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How Are Fat-Soluble Vitamins Absorbed?

by
author image Jamie Yacoub
Jamie Yacoub is a clinical outpatient Registered Dietitian, expert in nutrition and author of her cookbook "Modern Guide to Food and Eating: Low Glycemic Recipes". She obtained a Bachelor of Science in clinical nutrition from UC Davis and an MPH in nutrition from Loma Linda University. Yacoub then completed her dietetic internship as an intern for a Certified Specialist in sports nutrition and at a top-100 hospital.
How Are Fat-Soluble Vitamins Absorbed?
You need adequate intake of the fat-soluble vitamins A, D, E and K. Photo Credit inaquim/iStock/Getty Images

Vitamins are classified as being either water-soluble or fat-soluble. There are four fat-soluble vitamins -- A, D, E and K. Excess fat-soluble vitamins accumulate in your body, while the water-soluble vitamins are excreted. Fat-soluble vitamins are stored in your fat tissues and your liver.

Micelles Make Things Happen

You need to take in enough fats to assist in the absorption of fat-soluble vitamins. Inadequate intake of healthy fats or the fat-soluble vitamins, or fat-malabsorption issues can result in deficiencies, while taking megadoses of these vitamins can be toxic. Fat-soluble vitamins are carried in your digestive system in a droplet called a micelle, which allows the vitamins to be absorbed by your body's intestinal absorption cells, called enterocytes. The micelle allows fat-soluble vitamins to disperse into your enterocytes, much like soap disperses in water.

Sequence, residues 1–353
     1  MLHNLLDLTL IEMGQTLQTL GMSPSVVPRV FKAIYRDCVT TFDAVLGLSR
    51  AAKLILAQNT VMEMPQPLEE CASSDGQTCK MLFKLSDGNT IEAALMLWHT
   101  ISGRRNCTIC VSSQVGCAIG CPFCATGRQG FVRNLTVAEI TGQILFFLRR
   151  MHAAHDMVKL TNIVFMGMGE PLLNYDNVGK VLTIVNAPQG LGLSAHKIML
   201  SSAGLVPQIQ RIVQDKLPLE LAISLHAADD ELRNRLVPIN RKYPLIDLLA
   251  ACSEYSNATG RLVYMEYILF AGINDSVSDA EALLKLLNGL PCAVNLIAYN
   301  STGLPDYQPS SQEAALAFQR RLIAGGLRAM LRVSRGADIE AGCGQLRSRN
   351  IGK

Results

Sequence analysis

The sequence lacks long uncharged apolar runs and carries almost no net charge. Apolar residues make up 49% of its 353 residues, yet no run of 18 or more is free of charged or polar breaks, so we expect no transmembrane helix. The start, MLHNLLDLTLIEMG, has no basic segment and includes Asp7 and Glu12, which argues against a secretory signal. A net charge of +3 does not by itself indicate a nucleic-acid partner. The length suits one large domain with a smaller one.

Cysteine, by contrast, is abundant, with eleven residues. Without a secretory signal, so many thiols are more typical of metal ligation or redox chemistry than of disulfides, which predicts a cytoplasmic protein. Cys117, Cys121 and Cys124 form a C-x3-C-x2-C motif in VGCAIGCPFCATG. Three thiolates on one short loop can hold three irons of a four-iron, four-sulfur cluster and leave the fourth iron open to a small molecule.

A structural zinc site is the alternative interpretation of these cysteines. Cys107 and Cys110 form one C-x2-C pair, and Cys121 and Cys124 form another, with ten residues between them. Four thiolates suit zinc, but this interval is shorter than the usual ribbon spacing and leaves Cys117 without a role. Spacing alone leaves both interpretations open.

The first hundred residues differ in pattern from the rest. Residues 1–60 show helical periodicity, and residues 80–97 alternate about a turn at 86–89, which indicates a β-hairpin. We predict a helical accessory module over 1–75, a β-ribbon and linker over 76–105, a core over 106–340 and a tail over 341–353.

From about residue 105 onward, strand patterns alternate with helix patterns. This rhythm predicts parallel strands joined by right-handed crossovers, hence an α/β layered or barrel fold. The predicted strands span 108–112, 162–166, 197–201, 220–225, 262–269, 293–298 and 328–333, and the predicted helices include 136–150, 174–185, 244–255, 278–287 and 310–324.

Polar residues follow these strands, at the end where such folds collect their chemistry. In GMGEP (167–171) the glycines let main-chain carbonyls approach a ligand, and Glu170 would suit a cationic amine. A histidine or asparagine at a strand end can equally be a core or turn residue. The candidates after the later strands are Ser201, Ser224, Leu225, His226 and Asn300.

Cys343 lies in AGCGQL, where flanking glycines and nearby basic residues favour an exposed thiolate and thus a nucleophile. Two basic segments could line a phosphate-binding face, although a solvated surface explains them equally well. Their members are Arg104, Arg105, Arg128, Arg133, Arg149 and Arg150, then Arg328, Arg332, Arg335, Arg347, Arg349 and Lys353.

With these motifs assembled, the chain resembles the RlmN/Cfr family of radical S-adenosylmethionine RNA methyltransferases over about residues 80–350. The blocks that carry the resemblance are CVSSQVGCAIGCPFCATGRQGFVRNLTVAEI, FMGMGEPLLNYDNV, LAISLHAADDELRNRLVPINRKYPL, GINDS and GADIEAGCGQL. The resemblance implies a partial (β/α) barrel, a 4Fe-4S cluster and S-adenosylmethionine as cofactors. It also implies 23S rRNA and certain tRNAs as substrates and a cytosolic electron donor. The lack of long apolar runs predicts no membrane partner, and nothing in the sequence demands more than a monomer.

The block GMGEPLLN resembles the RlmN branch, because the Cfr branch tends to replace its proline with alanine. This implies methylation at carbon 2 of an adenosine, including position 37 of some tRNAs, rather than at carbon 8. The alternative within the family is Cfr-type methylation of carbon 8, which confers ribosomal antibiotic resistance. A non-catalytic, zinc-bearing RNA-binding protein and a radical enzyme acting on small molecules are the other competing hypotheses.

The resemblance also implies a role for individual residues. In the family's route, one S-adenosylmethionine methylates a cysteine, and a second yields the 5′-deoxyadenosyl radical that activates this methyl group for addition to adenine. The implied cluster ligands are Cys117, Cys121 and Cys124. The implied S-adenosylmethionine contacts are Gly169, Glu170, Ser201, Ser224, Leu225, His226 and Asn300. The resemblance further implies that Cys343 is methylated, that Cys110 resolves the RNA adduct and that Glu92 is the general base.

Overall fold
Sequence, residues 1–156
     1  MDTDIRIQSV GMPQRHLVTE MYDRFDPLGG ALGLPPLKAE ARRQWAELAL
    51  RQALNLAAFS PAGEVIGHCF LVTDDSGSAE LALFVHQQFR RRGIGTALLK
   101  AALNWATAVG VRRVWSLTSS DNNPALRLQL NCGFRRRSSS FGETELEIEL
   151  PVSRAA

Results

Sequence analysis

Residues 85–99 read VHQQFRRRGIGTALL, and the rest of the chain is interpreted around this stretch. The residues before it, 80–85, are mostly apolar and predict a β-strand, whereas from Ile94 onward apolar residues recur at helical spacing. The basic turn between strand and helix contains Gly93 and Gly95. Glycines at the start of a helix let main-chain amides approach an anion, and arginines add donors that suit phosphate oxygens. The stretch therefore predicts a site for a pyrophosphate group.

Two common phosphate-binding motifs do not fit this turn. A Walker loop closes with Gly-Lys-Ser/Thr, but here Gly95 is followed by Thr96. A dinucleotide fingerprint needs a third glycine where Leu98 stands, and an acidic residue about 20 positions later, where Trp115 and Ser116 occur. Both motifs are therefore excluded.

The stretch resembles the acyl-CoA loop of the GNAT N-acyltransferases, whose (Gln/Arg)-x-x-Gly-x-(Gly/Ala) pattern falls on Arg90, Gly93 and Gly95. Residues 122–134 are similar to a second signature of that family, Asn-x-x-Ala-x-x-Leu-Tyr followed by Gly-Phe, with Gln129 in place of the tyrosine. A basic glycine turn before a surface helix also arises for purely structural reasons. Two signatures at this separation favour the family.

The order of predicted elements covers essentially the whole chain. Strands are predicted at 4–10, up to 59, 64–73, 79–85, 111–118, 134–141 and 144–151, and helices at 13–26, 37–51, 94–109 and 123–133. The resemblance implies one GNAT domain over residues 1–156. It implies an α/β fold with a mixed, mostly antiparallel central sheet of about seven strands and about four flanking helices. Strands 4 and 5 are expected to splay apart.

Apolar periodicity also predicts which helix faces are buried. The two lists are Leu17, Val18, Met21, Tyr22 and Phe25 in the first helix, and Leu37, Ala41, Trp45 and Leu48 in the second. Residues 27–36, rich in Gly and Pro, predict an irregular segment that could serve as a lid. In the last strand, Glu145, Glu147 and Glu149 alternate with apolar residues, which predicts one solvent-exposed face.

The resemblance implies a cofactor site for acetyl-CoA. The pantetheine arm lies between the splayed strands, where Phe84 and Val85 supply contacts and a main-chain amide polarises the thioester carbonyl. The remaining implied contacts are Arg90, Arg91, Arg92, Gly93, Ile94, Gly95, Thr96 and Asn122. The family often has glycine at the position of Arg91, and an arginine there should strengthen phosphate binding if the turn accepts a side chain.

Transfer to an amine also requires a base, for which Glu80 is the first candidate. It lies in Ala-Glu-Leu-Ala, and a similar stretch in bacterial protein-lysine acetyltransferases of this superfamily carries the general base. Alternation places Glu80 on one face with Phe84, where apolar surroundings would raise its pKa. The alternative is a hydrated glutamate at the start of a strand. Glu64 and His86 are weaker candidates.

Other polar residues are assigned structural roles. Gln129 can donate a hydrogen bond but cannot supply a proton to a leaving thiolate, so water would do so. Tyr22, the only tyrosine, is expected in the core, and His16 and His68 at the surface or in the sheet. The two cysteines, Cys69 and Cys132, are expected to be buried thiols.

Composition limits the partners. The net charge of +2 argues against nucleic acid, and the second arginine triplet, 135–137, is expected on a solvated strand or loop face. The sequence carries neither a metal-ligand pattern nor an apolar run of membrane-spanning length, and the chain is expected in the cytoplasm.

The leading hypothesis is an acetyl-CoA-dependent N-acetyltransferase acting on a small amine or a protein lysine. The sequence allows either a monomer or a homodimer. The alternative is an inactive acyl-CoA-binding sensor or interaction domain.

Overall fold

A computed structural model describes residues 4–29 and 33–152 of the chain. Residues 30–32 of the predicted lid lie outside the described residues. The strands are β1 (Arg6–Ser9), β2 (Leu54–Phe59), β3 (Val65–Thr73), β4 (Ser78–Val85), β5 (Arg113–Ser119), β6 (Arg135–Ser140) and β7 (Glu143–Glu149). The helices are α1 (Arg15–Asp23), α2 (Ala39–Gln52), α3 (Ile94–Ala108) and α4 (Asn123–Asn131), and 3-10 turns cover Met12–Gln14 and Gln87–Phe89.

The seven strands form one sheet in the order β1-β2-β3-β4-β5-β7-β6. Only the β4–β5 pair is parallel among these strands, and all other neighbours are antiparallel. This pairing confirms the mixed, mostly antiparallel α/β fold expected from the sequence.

The Bile Salt Bubble

The micelle is round like a bubble, with the outside made up of bile salts. Bile salts have one hydrophilic or water-liking end and one hydrophobic or water-fearing end. They form a round droplet with their hydrophilic ends facing outward and the hydrophobic ends facing inward. The center of the micelle contains the fat-soluble vitamins. The micelle protects the fat-soluble vitamins from water as they cross into the enterocytes.

Chylomicron Carriers

Micelles constantly break down and then reform to transport fat-soluble substances into your enterocytes. Once micelles are in an enterocyte, they break down and chylomicrons are formed. Chylomicrons are lipoproteins, which are particles designed to transport lipids or fats in your blood. The outside of a chylomicron is composed of phospholipids that, like bile salts, are also present in bile and have one hydrophilic and one hydrophobic end.

Lymphatic System -- Drop-Off Location

Once the vitamins have entered the chylomicron, the chylomicron then transports them into your lymphatic system, a subsystem of the circulatory system and a vital part of your immune system that helps maintain bodily fluids. Once in the lymphatic system, the fat-soluble vitamins are transported in the blood by different mechanisms to carry out their functions in your body or they are transported back to your liver or fat tissue for storage.

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